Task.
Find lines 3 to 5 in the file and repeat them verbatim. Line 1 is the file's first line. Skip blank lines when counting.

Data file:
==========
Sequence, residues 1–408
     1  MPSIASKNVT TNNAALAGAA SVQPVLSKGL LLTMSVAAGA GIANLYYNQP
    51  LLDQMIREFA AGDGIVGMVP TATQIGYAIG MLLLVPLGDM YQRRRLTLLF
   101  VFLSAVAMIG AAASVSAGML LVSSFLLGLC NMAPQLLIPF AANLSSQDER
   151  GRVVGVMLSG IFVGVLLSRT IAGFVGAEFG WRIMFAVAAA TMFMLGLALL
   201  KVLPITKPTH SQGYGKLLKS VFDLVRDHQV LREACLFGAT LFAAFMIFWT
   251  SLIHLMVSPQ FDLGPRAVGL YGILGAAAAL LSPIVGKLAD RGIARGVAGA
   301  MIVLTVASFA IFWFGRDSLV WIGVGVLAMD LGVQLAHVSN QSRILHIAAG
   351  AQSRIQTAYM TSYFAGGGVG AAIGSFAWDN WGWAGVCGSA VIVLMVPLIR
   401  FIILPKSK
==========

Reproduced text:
    51  LLDQMIREFA AGDGIVGMVP TATQIGYAIG MLLLVPLGDM YQRRRLTLLF
   101  VFLSAVAMIG AAASVSAGML LVSSFLLGLC NMAPQLLIPF AANLSSQDER
   151  GRVVGVMLSG IFVGVLLSRT IAGFVGAEFG WRIMFAVAAA TMFMLGLALL